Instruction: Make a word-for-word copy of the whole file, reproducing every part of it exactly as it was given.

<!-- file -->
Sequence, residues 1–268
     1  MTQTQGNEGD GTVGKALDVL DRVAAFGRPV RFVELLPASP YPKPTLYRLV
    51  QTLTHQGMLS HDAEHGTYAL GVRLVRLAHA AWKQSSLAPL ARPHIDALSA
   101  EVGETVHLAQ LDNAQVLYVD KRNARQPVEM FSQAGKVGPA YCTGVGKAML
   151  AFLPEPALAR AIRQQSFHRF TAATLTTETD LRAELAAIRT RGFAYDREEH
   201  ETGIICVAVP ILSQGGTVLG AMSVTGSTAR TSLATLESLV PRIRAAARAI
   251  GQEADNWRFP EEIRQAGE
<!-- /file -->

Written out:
Sequence, residues 1–268
     1  MTQTQGNEGD GTVGKALDVL DRVAAFGRPV RFVELLPASP YPKPTLYRLV
    51  QTLTHQGMLS HDAEHGTYAL GVRLVRLAHA AWKQSSLAPL ARPHIDALSA
   101  EVGETVHLAQ LDNAQVLYVD KRNARQPVEM FSQAGKVGPA YCTGVGKAML
   151  AFLPEPALAR AIRQQSFHRF TAATLTTETD LRAELAAIRT RGFAYDREEH
   201  ETGIICVAVP ILSQGGTVLG AMSVTGSTAR TSLATLESLV PRIRAAARAI
   251  GQEADNWRFP EEIRQAGE